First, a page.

Article Text

SAT0569 The Impact of Pain and Physical Function upon Quality of Life in Osteoarthritis
  1. A.A. Tennant1,
  2. S. Kutlay2,
  3. S.P. McKenna3,
  4. T. Bender4,
  5. J. Braun5,
  6. C. Castillo-Gallego6,
  7. M. Favero7,
  8. P. Geher8,
  9. U. Kiltz5,
  10. E. Martin-Mola9,
  11. R. Ramonda7,
  12. J. Twiss3,
  13. J. Wilburn3,
  14. A.A. Küçükdeveci2
  1. 1Swiss Paraplegic Research, Nottwil, Switzerland
  2. 2Ankara University, Ankara, Turkey
  3. 3Galen Research, Manchester, United Kingdom
  4. 44Hospitaller Brothers of St John of God, Budapest, Hungary
  5. 5Rheumazentrum Ruhrgebiet, Herne, Germany
  6. 6Hospital Universitario La Paz, Madrid, Spain
  7. 7University of Padova, Padova, Italy
  8. 8Hospitaller Brothers of St John of God, Budapest, Hungary
  9. 96Hospital Universitario La Paz, Madrid, Spain


Background Pain, physical function (PF) and quality of life (QoL) are important aspects of the lived experience of those with chronic disease1.

Objectives A EULAR funded study to adapt the Osteoarthritis Quality of Life Scale (OAQoL) into five languages (German, Hungarian, Italian, Spanish, Turkish) gave the opportunity to explore the relationships between these key attributes in osteoarthritis (OA).

Methods A Path Model was employed, within a Structural Equation Framework, utilising Rasch-transformed latent estimates as single indicator latent variables. Measures included lower & upper limb joint count (Manikin), pain on function (WOMAC), PF (HAQ) and QoL (OAQoL). The hypothesis was that the impact of pain upon QoL would be partially mediated by PF and this relationship will be invariant by age, gender and country.

Results 677 patients with OA were recruited across 5 countries, approximately 20% from each. 76% were female, 33% aged 60 and under. 65% were married, 22% in work. Duration differed significantly across countries, with 10.1% of those in Turkey with duration of 15 years or more, compared with 32.5% of those in Spain. Joint count also varied significantly, e.g. 33.8% of those recruited in Spain reported no lower limb involvement compared with just 1.5% in Hungary. Path model fit was acceptable (χ2 7.52 (df 4) p=0.111; RMSEA 0.036; TLI 0.992, CFI 0.997) (Figure). All path weights were consistent with the basic hypothesis and 43% of the impact of pain upon QoL was mediated through PF (Sobel-Goodman Z 10.93; p<0.001). The number of upper & lower joints influenced PF and pain respectively. Thus an increase in pain, and greater limitation in PF gave a worse QoL. The total effect of pain (direct & indirect) was the strongest influence upon QoL. The Wald Test for group invariance showed no significant difference of regression weights (p>0.01) by age, gender, duration and, to a large extent, by country. In the latter there were slight variations in the magnitude of paths weights between pain and PF. The effect appeared much stronger in Italy and Turkey than elsewhere. Overall, the model appeared robust across countries (Model fit χ2 26.85 (df 20) p=0.14; RMSEA 0.05; TLI 0.985, CFI 0.993). Country-specific adjusted R2 for explained variance in QoL ranged between 0.59–0.71.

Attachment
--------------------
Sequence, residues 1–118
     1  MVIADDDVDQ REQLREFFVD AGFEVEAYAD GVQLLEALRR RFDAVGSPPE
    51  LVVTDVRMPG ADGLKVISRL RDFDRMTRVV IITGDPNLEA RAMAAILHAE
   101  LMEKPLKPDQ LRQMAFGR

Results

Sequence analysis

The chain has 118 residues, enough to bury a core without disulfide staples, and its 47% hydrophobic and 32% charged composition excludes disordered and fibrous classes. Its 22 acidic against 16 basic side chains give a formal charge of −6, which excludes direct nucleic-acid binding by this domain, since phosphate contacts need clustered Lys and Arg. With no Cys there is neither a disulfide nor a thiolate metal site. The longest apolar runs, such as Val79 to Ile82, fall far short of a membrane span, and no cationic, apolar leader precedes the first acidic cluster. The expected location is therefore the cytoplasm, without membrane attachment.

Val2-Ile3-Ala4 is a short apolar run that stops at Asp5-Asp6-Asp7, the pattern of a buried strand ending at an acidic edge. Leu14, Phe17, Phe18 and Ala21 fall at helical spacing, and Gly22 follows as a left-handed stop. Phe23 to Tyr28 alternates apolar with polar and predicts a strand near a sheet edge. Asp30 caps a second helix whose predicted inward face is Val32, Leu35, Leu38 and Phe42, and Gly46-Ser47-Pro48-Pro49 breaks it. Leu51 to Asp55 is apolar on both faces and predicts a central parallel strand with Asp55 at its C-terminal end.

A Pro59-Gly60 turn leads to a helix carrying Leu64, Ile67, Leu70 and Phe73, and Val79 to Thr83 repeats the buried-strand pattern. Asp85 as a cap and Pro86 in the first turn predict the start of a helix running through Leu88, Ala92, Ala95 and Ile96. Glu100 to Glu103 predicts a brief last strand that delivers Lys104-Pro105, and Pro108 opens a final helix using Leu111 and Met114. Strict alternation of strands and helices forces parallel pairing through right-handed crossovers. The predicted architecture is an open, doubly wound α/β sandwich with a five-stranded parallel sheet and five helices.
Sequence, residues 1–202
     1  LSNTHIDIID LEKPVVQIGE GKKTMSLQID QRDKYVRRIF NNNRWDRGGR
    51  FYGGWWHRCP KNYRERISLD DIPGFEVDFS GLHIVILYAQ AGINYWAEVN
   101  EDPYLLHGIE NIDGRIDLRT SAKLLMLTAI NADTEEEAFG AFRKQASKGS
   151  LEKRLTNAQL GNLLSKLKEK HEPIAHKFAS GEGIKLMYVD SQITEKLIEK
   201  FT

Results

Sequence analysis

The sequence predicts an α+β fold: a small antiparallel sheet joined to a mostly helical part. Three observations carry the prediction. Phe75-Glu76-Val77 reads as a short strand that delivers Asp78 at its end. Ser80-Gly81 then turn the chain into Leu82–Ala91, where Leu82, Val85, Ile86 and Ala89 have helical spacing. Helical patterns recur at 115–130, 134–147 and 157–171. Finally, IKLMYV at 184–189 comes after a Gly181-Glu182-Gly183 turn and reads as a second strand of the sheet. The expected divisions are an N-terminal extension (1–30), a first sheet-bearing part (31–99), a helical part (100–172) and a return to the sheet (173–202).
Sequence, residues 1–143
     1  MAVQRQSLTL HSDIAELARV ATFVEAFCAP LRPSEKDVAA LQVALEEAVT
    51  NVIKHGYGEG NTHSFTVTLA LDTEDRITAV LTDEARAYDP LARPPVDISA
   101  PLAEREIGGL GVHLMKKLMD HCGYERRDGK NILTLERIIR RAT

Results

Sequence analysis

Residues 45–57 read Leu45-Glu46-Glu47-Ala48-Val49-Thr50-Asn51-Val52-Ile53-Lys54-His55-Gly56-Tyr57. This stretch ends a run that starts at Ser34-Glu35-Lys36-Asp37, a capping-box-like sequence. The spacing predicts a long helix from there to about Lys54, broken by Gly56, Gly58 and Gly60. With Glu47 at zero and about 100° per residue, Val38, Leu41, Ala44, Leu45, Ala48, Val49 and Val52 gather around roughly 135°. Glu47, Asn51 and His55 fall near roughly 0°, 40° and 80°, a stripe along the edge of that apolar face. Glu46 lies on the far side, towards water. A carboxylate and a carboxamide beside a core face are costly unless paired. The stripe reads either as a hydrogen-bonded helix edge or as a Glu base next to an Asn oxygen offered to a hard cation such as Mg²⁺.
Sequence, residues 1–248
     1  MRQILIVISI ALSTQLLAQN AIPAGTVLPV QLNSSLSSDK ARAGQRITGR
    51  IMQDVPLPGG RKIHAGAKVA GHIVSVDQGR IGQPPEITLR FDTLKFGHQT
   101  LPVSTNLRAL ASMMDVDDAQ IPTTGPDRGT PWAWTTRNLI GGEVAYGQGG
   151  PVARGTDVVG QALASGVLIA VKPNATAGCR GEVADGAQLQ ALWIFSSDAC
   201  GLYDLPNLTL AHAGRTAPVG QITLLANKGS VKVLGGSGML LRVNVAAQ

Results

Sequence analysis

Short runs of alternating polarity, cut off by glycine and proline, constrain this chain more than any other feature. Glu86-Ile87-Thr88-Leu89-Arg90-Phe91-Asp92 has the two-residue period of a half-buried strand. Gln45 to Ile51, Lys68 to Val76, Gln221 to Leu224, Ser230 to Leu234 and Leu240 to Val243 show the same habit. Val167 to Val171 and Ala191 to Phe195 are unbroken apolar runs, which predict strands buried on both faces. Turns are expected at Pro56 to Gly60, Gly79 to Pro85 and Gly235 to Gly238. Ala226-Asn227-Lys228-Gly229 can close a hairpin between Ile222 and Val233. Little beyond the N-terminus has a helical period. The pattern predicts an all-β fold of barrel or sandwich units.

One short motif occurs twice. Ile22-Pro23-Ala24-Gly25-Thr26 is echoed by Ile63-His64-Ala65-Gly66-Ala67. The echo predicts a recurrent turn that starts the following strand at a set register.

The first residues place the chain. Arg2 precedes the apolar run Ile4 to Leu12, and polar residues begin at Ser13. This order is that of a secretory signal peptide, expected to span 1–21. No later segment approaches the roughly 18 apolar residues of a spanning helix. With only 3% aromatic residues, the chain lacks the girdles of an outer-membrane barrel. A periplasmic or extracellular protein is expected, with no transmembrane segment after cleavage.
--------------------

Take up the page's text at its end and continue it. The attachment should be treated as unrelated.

Conclusions Pain, PF and the consequent reduction in perceived QoL are at the centre of the lived experience of those with OA. The relationship between these three variables, including the mediating role of PF, was found to be consistent across age, gender and, with slight variations, country. This “standard model” for OA opens up the opportunity to further explore potential psychological mediating factors which may improve QoL as well as moderating factors such as different types of intervention.

  1. Parker L, et al. The burden of common chronic disease on health-related quality of life in an elderly community-dwelling population in the UK. Fam Pract 2014;31:557–63.

Disclosure of Interest None declared

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